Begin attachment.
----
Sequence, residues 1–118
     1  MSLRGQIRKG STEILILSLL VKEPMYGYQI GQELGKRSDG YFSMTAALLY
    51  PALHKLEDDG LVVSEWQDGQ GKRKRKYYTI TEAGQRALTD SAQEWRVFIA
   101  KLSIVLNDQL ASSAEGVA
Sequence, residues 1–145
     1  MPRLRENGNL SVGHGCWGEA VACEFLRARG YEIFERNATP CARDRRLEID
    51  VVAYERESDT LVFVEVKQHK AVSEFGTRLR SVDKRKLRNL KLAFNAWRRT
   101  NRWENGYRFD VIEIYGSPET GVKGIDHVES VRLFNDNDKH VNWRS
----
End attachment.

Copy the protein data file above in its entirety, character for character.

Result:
Sequence, residues 1–118
     1  MSLRGQIRKG STEILILSLL VKEPMYGYQI GQELGKRSDG YFSMTAALLY
    51  PALHKLEDDG LVVSEWQDGQ GKRKRKYYTI TEAGQRALTD SAQEWRVFIA
   101  KLSIVLNDQL ASSAEGVA
Sequence, residues 1–145
     1  MPRLRENGNL SVGHGCWGEA VACEFLRARG YEIFERNATP CARDRRLEID
    51  VVAYERESDT LVFVEVKQHK AVSEFGTRLR SVDKRKLRNL KLAFNAWRRT
   101  NRWENGYRFD VIEIYGSPET GVKGIDHVES VRLFNDNDKH VNWRS